Like most of his neighbors Abraham was a farmer. He inherited land from his father and most likely grew tobacco for income. Starting in 1836, when he was 75, he started distributing his land and slaves to his children. He gave a parcel of land to his sons Samuel and John on September 14, 1836. Later that same year in October he gave a slave named Maria to his granddaughter Emily McLeod. Emily was the daughter of Ruth who married Abner McLeod. These records are included in the probate packet for Abraham which is available on Ancestry.com. In 2017 Ancestry had 71 separate documents in Abe’s probate packet – most are short, cryptic notes on small scraps of paper. After reading each of these documents I wrote an article for the Nugget – a magazine published by the California Genealogical Society that summarizes all that I learned from the material in Abraham’s probate packet. Here is what I learned:
|This is a photo of the Lewis farm which was located on Stoney Creek in|
Elizabethton. Abraham's farm likely looked very similar to this farm.
Photo found on Google.
The vast majority of all money paid out from his estate went to his children. I was reminded that his daughters had to receive their share through their husbands. After sorting all the information in a spreadsheet I could see that Abraham had left nearly equal amounts to each of his children. Ephraim, Sarah and Ruth each received $600. Jacob, Pricilla and Mary each got between $550 and $570. One exception, Eliza, Abraham’s youngest daughter received a total of $1180 – nearly double what all the others got. Two children, Salina and John were not mentioned. John never married and had no children. From other sources I know that John suffered from some sort of mental disorder. I do know that his oldest brother Samuel took care of John. In my research it is not clear that Salina was a child of Abraham – this lack of reference reinforces that she may not be one of Abraham’s descendant. Several of the papers reference Samuel in his capacity as an administrator but only one was a payment to Samuel. That paper said, “One day after date of will pay Samuel Drake $300 for value received of him as witness my hand and seal this 20 day of October 1836.” It was signed by Abraham and witnessed by John Drake. I suspect that this is due to a lost document and believe it is most likely that Samuel received an amount equal to what Sarah received through her husband William Stover – the other administrator.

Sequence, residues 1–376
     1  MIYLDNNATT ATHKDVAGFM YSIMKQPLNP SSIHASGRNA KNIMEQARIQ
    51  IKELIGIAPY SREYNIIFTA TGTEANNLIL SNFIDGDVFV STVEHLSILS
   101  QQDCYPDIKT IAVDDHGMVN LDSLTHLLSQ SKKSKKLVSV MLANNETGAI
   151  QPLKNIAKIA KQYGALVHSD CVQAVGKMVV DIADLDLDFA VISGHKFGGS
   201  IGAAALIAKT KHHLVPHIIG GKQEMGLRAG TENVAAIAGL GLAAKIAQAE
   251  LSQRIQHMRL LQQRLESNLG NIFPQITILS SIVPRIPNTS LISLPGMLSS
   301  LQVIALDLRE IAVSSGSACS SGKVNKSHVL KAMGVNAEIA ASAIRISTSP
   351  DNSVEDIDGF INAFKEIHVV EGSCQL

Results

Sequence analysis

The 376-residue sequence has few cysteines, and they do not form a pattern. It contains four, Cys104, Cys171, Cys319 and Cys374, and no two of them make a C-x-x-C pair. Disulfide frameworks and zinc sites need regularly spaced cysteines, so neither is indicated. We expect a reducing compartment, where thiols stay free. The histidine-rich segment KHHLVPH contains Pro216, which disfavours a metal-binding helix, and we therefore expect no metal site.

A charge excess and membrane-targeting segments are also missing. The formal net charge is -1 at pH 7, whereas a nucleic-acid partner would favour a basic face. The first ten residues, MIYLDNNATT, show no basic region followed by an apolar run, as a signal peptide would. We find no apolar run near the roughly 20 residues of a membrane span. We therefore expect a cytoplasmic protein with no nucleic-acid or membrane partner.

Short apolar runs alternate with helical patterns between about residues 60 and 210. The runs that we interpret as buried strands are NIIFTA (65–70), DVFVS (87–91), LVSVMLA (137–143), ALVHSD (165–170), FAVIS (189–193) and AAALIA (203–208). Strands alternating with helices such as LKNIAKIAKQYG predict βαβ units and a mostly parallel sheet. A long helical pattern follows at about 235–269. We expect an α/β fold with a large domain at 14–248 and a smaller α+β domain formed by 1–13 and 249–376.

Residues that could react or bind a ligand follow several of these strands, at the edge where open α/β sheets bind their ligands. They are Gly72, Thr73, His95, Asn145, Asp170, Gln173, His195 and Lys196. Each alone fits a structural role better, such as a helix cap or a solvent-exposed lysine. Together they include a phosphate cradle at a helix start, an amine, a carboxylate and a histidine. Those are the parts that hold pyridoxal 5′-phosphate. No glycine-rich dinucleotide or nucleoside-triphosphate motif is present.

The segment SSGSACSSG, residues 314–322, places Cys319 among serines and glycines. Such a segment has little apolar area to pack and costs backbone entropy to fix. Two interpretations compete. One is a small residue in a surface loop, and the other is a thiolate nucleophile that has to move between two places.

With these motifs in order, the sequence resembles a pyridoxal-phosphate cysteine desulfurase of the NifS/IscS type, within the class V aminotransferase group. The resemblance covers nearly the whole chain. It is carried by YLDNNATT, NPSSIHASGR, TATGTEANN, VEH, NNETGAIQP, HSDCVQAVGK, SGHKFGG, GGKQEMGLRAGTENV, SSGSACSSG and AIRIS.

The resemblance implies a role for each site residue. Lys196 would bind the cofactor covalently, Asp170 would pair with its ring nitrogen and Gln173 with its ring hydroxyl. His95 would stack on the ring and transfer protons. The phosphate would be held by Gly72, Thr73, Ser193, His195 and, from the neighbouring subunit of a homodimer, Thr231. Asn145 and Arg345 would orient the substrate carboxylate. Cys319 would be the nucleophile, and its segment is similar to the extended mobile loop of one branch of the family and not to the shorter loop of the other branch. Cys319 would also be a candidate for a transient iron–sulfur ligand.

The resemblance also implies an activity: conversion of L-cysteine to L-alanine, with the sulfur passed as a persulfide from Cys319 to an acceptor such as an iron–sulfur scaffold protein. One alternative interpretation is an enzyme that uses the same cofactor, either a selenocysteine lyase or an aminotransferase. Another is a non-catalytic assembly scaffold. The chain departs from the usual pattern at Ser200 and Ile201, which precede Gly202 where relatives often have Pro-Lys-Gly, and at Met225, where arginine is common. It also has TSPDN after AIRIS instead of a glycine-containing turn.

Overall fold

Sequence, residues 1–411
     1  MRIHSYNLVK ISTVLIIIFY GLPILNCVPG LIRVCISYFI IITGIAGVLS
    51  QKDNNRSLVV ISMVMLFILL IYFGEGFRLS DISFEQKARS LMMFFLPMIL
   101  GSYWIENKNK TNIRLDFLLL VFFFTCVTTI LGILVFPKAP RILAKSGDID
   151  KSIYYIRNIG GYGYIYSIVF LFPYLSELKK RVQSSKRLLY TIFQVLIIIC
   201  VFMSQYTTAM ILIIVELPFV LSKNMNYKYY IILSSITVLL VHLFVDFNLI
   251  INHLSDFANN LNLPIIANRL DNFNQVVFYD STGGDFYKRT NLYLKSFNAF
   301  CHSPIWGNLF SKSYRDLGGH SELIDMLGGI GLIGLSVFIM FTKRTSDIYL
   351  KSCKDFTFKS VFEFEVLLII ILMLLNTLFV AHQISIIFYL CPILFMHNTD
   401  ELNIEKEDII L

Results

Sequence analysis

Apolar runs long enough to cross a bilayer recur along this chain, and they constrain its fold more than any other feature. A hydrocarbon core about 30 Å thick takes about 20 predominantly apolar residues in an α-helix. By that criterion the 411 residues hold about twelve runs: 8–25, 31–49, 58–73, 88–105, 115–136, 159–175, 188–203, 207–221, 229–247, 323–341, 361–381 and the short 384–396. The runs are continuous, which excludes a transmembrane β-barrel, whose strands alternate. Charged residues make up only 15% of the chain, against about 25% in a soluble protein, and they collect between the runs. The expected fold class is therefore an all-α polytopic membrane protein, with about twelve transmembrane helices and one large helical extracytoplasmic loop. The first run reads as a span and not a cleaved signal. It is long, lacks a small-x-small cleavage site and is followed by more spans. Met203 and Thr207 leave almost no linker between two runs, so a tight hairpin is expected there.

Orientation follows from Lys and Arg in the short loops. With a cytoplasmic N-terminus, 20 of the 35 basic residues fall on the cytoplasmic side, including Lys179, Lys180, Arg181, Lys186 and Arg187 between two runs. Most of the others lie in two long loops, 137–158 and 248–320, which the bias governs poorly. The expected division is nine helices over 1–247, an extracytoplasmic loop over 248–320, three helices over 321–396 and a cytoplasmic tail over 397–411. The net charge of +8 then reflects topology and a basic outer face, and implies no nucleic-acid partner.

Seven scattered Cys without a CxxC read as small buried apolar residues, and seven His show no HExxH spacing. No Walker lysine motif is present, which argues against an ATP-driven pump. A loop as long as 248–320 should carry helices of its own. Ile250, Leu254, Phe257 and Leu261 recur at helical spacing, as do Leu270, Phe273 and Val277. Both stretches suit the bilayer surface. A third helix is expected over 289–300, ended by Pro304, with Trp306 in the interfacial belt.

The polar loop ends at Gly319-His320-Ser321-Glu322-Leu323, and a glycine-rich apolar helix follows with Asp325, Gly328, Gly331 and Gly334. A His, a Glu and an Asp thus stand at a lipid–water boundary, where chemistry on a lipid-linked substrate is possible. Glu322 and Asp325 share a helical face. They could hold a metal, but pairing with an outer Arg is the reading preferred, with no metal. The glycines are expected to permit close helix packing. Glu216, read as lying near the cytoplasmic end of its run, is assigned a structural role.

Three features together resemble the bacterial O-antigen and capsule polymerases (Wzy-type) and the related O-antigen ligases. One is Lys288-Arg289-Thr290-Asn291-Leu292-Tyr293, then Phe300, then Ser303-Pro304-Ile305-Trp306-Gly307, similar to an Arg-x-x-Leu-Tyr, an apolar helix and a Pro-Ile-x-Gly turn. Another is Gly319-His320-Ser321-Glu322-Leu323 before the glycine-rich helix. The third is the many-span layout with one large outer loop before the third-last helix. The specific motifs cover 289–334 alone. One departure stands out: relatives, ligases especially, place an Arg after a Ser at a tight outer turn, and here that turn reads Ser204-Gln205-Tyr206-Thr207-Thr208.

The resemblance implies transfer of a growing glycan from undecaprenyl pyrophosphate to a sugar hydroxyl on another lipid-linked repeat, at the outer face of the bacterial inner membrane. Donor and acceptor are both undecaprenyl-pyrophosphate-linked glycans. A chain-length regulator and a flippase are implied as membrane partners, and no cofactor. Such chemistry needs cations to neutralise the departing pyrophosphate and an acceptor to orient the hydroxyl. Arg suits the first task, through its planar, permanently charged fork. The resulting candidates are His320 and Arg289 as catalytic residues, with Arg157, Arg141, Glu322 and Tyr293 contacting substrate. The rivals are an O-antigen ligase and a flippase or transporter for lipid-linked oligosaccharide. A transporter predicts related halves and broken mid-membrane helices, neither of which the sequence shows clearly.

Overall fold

|This is the Sabine Hill home of Nathaniel Taylor in Elizabethton|
built in 1818. The Drake family home may have looked